--Q: You were one of the first to know that intention of the Holy Father. What did you think at that time? And, how do you remember that gesture a year later?
--Archbishop Gänswein: The moment the Pope confided to me his intention, under papal secrecy, instinctively I answered that it wasn’t possible, that he couldn’t do it … However, I understood immediately that he was not communicating to me a possibility on which he would like to reflect, but a decision taken after much prayer, much reflection and also much interior struggle. It wasn’t easy for me at the beginning to accept this decision. Over time I realized that many spiritual fruits would emerge from this act. A year later one can understand much better the meaning of that very courageous act, after the initial commotion.
--Q: What really great legacy has Benedict XVI’s pontificate left the Church?
--Archbishop Gänswein: The great legacy that Benedict XVI leaves the Church can’t be enclosed in a word. First of all, he has given a lucid example of love of the Lord and of his Bride, which is the Church. It’s an example that everyone can easily understand, both believers as well as non-believers. Being the case of a person with a very acute spirit -- he was a true teacher of the Word --, Pope Benedict has left a great magisterial richness. He has sown much in this ambit, and I’m sure that it will bear much fruit in the future.
--Q: In your understanding, why were there so many “problems” in the eight years of his Pontificate?
--Archbishop Gänswein: That a Pontiff has to address every day small and great problems, is a characteristic of his Petrine ministry; it is part of his daily efforts. This is true for all Popes, not only for Pope Benedict. That afterwards, the problems sometimes accumulate and become heavier, depends on many reasons and circumstances. One must be attentive, however, to distinguish real problems from “virtual” ones, those which appear only in the media or are even created by the media. The “real” reality and the reality communicated don’t always agree. This was also and especially true of Benedict XVI’s Pontificate.
--Q: What did you think, given the great attention that the media gave to Benedict XVI on the first anniversary of his renunciation? Have many skeptics of the first hour, in a certain sense, believed again?
--Archbishop Gänswein: I think that, with a year’s distance, not a few of those who criticized Benedict XVI have realized that many of their criticisms were unfounded. Unfounded criticisms can’t be denied or rejected either, because they would be given an attention and weight that they don’t deserve. Therefore, I am very confident that history will help to clarify and to separate the grain from the straw: good from evil, what is true from what is worthless.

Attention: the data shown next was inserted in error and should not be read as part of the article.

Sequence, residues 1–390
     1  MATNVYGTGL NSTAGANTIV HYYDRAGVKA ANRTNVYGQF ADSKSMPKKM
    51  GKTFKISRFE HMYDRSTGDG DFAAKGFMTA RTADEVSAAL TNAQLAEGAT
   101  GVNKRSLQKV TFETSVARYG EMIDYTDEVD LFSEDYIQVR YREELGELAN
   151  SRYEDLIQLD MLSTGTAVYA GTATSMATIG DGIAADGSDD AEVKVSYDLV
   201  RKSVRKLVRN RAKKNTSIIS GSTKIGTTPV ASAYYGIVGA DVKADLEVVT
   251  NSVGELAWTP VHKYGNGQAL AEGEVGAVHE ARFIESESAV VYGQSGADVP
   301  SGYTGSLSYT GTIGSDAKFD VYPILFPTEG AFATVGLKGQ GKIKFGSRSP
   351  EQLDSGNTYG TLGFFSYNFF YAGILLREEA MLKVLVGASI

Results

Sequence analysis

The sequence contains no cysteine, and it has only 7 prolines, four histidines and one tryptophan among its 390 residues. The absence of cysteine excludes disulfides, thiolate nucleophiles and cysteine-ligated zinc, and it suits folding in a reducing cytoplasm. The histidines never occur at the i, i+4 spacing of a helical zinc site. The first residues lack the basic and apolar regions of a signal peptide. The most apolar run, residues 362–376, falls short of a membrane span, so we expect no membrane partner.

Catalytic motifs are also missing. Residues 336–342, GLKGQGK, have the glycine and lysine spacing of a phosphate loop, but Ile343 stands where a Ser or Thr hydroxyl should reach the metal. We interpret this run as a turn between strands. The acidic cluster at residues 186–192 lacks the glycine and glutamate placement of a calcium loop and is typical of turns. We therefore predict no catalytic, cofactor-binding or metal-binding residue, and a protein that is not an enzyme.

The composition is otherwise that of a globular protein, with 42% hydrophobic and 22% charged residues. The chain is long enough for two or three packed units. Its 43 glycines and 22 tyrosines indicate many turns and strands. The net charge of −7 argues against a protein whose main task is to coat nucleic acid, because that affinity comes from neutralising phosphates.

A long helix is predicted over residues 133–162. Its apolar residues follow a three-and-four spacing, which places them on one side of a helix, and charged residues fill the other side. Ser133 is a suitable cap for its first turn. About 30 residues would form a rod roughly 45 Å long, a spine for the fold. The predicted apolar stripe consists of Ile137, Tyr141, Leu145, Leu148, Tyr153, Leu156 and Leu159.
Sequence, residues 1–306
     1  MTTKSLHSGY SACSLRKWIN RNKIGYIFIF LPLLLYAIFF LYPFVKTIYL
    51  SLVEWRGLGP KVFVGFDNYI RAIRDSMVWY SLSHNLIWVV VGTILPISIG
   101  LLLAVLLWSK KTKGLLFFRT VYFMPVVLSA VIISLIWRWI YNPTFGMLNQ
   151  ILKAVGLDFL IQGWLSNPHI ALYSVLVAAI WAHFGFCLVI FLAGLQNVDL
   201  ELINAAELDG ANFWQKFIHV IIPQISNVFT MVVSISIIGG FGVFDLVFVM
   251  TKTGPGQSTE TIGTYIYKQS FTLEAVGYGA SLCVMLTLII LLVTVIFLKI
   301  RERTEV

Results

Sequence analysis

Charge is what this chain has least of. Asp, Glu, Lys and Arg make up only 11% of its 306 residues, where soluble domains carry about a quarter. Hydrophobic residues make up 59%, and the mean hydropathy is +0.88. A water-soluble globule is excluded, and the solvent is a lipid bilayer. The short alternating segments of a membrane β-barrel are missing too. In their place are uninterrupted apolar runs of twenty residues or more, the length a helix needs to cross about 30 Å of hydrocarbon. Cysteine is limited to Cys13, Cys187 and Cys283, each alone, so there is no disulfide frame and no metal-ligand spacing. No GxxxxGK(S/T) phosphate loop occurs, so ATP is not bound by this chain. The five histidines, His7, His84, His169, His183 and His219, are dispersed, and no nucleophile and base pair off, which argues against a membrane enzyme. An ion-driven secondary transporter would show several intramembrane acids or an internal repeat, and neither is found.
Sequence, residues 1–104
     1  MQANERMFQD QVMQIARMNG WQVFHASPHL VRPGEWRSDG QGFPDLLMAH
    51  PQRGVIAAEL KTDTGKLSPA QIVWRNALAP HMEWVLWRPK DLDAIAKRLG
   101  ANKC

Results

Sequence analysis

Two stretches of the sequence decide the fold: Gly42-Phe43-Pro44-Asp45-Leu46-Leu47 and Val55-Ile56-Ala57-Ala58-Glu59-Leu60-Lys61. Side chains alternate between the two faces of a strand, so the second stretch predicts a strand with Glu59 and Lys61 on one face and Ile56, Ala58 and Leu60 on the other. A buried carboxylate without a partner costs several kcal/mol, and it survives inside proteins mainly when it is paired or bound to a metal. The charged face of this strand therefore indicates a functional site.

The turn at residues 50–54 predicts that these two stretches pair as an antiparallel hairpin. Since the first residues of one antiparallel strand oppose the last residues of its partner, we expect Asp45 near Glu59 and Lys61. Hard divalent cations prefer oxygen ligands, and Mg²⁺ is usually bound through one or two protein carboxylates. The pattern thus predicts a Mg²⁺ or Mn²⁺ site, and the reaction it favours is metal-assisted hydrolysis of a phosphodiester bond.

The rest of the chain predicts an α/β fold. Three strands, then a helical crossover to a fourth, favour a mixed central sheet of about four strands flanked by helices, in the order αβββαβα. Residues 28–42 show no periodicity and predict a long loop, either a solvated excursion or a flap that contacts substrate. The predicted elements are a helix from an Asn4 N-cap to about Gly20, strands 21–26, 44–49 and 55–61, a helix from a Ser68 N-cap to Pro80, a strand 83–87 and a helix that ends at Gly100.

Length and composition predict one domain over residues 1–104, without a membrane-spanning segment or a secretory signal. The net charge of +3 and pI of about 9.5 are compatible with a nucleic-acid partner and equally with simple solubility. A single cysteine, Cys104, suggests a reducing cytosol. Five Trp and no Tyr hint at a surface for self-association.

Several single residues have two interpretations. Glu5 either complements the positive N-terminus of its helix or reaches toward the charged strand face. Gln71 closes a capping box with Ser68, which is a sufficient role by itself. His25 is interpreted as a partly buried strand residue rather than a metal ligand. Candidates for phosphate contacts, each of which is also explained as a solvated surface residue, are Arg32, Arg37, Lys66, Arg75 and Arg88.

--Q: How does Benedict XVI spend his days? Can you tell us an anecdote for the Spanish-speaking readers?
--Archbishop Gänswein: Pope Benedict said that he would retire to the mountains and, in fact, the Mater Ecclesiae convent where he lives, is located in the highest point of the Vatican Gardens. There he is, hidden from the world, but present in the Church. He doesn’t intervene in Pope Francis’ government, but he prays for his successor and for the whole Church: this is his mission now. He has left the governance of the Church to continue praying.
His concrete day is well ordered. He begins every day with Holy Mass, followed by thanksgiving and the Breviary. Then he has breakfast. He dedicates the morning to reading and to correspondence, and also receives some visitors. After lunch he takes a short walk and then rest cannot be lacking: the “siesta,” as the Spanish say. The afternoon begins with the Rosary, and we pray together walking in the little forest that is behind the convent. Then he continues to read, watches the television news, and has another little walk in the terrace. Then Benedict goes to his room; at times one can also hear the piano …
--Q: It is said that many people write to Benedict XVI. What sort of letters does he receive? Are there letters from those who don’t share his decision?
--Archbishop Gänswein: Indeed, many letters arrive every day. In the beginning, not a few of them showed that some persons were struck by the renunciation, they didn’t understand his decision, or their faith was subjected to a harsh trial. Little by little these types of letters have disappeared and those of thanksgiving and gratitude have increased: the requests for prayers or the expression of the desire to visit the Pope Emeritus. Undoubtedly, the Pope’s personal correspondence reflects great love for his person, but also for the Church.
--Q: It also seems that in the Sunday Masses for the papal family in the convent’s chapel he preaches the homily, which he prepares in writing the day before, but which he then freely delivers …
--Archbishop Gänswein: It’s exactly like that. He prepares the homily on Saturday, writing it down, but then he delivers it freely. So, everything that he preaches, even if he doesn’t read it, is well prepared in writing ….
--Q: As Benedict XVI’s secretary, do you propose the things he has to do? Are you involved, also, in planning the Pope Emeritus’ rest?
--Archbishop Gänswein: The question isn’t altogether correct. I don’t propose the things he is to do, but I help him to do them. It’s not the same thing. Now, in fact, the situation is somewhat different. When he asks me to make a proposal, I certainly try to formulate it. We have known one another for many years, so we understand each other well. As is logical, the appointments for visitors or the distribution of the correspondence and the organization of concrete things are up to me, and I do it gladly.
--Q: How did Pope Benedict live the phases of the Conclave and how did he receive the news of the election of his successor?
--Archbishop Gänswein: After the renunciation he lived for two months in Castel Gandolfo and, in so far as possible, he followed the preceding phases of the Conclave and the Conclave itself through the media. On the afternoon of the white smoke, Pope Francis expressed to me his desire to speak with Benedict XVI. And, in fact, shortly after, he called him on the telephone that same afternoon.
--Q: Beyond that which is leaked to the outside by the media and from the point of view of your experience, what are the common features of Benedict XVI and Francis? In what way are they different?
--Archbishop Gänswein: What they have fully in common is their love of the Lord and of his Church. This love is the basis of everything they do. Instead, they are different in personality, in gestures, in behavior. Pope Francis’ gestures are typically his, whereas Pope Benedict has a rather reserved character. They have both brought to the Petrine ministry the gifts and talents that the Lord has given them.
--Q: What does Benedict XVI think of Pope Francis and of the great success he is having with the public?